Peaslake, a village in the Surrey Hills, was home to a surprisingly large number of activists, it was described in 1912 as being “rather a nest of suffragettes”….

Hilda Brackenbury and her daughters Georgina and Marie also opened their home, ‘Brackenside’, in Peaslake, to women recovering from hunger strike….including Emmeline Pankhurst herself. In fact, it was a Peaslake resident, Marion Wallace Dunlop – an artist, sculptor and illustrator – who initiated the very first hunger strike….

Marion Wallace Dunlop, a member of the WSPU, was imprisoned for printing an extract from the bill of rights on the walls of St. Stephen’s Hall at the House of Commons. On the 5th July, 1909, she went on hunger strike, refusing all food as a protest that her rights as a political prisoner were not recognised. She claimed her actions were “….a matter of principle, not only for my own sake but for the sake of others who may come after me….refusing all food until this matter is settled to my satisfaction….” After three days of fasting….she was released….

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Entry in Mabel Capper’s scrapbook by Marion Wallace Dunlop June 1909 https://commons.wikimedia.org/wiki/File%3AMarion_Wallace_Dunlop_WSPU_prisoners_scrapbook_entry.png

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Memories of Winson Green Gaol – Mabel Cappers WSPU prisoner’s scrapbook – Forcible feeding illustration 18 September 1909 https://commons.wikimedia.org/wiki/File%3AForcible_feeding_illustration_from_WSPU_prisoners_scrapbook.png

Force feeding was a brutal procedure. The woman was either tied to a chair, which was then tipped back or she was held down on a bed. A rubber tube was then forced up the nose or down the throat, into the stomach. If administered via the mouth, a ‘gag’ was used, occasionally made of wood but more often steel. The steel option was particularly painful as it was pushed into the mouth to force open the teeth and then a screw was turned to open the jaws wide…. Sometimes the rubber tube would be accidentally forced into the windpipe, causing food to enter the lungs, thus endangering life…. Which ever method was used, damage to the nose or throat was pretty much inevitable….

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Force feeding – A suffragette on hunger strike being forcibly fed with a nasal tube. Source: The Suffragette by Sylvia Pankhurst circa 1911 https://common.wikimedia.org/wiki/File%3AForcefeeding.jpg

Some women had to endure being force-fed more than 200 times…. Two such women were Grace Roe and Kitty Marion….

Grace Roe joined the WSPU after hearing Emmeline Pethick-Lawrence speak in October 1908. Grace was arrested for the first time after a demonstration held at the House of Commons on June 29th, 1909. She was appointed organiser of the East Anglia WSPU in 1910 and then in 1912 Emmeline Pankhurst made her deputy of the WSPU in London, under Annie Kenney. After Kenney’s arrest and imprisonment for ‘incitement to riot’ in April 1913, Grace became leader of the WSPU in London….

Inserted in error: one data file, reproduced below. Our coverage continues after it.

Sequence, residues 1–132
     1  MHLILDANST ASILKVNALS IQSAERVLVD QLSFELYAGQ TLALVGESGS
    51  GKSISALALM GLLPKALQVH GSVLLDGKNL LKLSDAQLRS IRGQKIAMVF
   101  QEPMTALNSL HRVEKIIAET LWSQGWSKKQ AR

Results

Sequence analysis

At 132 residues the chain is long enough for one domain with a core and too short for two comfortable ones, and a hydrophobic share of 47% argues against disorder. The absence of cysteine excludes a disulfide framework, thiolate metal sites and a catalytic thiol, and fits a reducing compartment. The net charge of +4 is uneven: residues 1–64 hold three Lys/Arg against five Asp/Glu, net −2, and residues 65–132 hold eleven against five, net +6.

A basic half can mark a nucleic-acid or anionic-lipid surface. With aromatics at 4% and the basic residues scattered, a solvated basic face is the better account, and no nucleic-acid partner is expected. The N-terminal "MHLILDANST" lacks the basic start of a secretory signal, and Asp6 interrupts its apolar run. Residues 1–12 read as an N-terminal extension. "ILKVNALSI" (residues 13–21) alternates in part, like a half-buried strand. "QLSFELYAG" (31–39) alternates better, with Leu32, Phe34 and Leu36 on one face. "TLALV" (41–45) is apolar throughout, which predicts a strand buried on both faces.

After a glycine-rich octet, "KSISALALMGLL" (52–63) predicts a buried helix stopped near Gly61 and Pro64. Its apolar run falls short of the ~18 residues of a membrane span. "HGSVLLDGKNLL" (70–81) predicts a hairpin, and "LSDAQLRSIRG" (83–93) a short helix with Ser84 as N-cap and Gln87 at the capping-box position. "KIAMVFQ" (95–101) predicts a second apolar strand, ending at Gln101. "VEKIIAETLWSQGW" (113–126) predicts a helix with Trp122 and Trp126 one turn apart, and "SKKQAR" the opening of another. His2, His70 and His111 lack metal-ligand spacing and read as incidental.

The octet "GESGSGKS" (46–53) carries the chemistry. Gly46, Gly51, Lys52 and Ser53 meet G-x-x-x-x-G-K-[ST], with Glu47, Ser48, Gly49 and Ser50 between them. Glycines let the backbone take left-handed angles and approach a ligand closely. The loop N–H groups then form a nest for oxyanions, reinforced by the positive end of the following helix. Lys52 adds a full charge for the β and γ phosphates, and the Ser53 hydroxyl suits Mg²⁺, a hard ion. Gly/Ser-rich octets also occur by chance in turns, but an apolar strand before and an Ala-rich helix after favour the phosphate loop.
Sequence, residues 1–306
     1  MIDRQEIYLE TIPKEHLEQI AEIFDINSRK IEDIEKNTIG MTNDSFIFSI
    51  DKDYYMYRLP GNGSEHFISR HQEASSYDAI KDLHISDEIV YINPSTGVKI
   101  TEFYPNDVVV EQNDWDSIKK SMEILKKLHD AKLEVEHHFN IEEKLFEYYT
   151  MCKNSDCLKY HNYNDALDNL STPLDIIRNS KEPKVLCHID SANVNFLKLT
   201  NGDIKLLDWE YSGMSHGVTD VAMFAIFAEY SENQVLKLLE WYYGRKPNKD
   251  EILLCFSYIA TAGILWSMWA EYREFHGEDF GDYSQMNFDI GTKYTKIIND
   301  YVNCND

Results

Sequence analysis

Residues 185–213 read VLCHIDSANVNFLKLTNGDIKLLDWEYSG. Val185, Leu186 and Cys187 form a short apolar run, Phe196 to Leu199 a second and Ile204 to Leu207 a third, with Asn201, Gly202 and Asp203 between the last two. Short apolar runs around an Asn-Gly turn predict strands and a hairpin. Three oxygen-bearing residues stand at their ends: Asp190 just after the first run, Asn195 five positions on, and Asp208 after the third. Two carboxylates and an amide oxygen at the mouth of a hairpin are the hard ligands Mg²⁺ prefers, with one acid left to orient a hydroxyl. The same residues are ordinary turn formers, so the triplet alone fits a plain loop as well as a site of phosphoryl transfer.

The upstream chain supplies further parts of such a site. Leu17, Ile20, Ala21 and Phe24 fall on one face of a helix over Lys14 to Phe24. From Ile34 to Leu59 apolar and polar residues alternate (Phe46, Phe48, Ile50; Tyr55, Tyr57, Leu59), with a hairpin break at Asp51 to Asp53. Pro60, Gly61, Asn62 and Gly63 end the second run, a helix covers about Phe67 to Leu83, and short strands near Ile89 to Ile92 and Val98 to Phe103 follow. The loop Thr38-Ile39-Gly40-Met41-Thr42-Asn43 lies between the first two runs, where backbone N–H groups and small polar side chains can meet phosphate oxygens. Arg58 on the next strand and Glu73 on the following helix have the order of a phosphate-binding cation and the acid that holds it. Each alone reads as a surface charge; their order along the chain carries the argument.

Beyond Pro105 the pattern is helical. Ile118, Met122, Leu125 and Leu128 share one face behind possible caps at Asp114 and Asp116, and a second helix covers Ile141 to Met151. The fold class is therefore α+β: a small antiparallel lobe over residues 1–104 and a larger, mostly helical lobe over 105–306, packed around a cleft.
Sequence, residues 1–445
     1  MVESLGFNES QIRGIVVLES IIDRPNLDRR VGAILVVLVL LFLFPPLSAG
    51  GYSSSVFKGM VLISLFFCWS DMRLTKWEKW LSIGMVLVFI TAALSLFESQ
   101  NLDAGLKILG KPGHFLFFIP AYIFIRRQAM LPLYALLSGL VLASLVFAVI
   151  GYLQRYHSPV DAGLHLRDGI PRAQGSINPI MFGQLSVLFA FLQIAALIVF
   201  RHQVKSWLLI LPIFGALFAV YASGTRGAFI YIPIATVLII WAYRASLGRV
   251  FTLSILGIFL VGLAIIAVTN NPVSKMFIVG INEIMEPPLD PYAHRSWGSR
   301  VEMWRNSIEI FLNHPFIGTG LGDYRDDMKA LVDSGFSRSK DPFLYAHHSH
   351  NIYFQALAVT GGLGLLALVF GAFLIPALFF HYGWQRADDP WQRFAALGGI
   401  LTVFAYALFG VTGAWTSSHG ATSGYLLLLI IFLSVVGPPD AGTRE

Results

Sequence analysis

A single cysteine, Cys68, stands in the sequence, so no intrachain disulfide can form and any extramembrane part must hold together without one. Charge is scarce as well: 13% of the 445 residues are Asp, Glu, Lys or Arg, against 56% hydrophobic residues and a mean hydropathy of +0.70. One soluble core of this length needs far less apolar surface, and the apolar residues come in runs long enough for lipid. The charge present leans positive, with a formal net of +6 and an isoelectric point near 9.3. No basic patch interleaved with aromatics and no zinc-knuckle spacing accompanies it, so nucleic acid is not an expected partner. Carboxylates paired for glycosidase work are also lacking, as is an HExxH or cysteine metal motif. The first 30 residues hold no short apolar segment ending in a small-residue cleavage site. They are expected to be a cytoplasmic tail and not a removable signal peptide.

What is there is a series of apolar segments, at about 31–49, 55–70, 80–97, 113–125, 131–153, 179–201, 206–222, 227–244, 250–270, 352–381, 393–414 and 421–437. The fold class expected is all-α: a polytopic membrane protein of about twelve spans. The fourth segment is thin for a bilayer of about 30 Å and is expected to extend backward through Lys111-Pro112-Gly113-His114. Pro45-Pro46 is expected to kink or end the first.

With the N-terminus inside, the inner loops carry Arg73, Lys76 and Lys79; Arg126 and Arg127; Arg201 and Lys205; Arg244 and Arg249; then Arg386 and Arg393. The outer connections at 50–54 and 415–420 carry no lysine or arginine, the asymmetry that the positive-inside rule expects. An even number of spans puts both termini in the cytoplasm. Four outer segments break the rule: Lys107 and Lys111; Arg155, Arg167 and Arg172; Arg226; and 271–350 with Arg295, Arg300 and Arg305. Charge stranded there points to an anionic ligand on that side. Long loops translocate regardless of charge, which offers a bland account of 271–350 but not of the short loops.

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Emmeline Pankhurst talking to Grace Roe, c.1912 – France https://www.flickr.com/photos/lselibrary/22937693496/

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Christabel Pankhurst (left) and Annie Kenney circa 1911 Source: The Suffragette by Sylvia Pankhurst Public domain https://commons.wikimedia.org/wiki/File%3AChristabel_Pankhurst_and_Annie_Kenney.jpg

Katherina Schafer was born in Westphalia, Germany in 1871. Her mother died when she was just two years old, her father remarried but lost his second wife when Katherina was only six; both women died of TB. Katherina’s father was very strict and by all accounts had an uncontrollable temper…. In 1886 the young Katherina moved to England to join her sister, Dora. She learnt English, changed her name to Kitty Marion and became an actress, enjoying a successful although modest career. In 1908 she joined the WSPU, moved to Hartfield, East Sussex and became an active member of the Brighton branch….

In June 1908 Kitty was arrested at a demonstration at the House of Commons. In July 1909 she was arrested once again; this time she was imprisoned. She immediately went on hunger strike which resulted in her being force-fed. In retaliation and protest she barricaded herself in her cell and set light to her mattress….

In November 1911, she was once again sent to prison, with a sentence of 21 days to be served in Holloway, she went on hunger strike yet again…. It has been calculated that Kitty endured some 232 force feedings during the times she spent on hunger strike in prison….

This account by Kitty Marion, from 1913, has been edited by Christabel Pankhurst. The excerpt is taken from ‘The Suffragette’ – the official weekly newspaper of the WSPU….

….”I was lying on my bed, and I immediately turned to the wall, but they wheeled the bed out into the middle of the room, and tried to get me into position for feeding. I struggled violently, but they sat on my legs and I was fed with the nasal tube. I was so exhausted at the end of the feeding that a wardress was left with me for some time”….

The following account is that of E.Sylvia Pankhurst (daughter of Emmeline). The excerpt is as published in McClure’s magazine, August 1913 pp 87-93…. Please be advised, it is quite graphic….

….”I struggled as hard as I could, but they were six and each one of them much bigger and stronger than I. They soon had me on the bed and firmly held down by the shoulders, the arms, the knees and the ankles.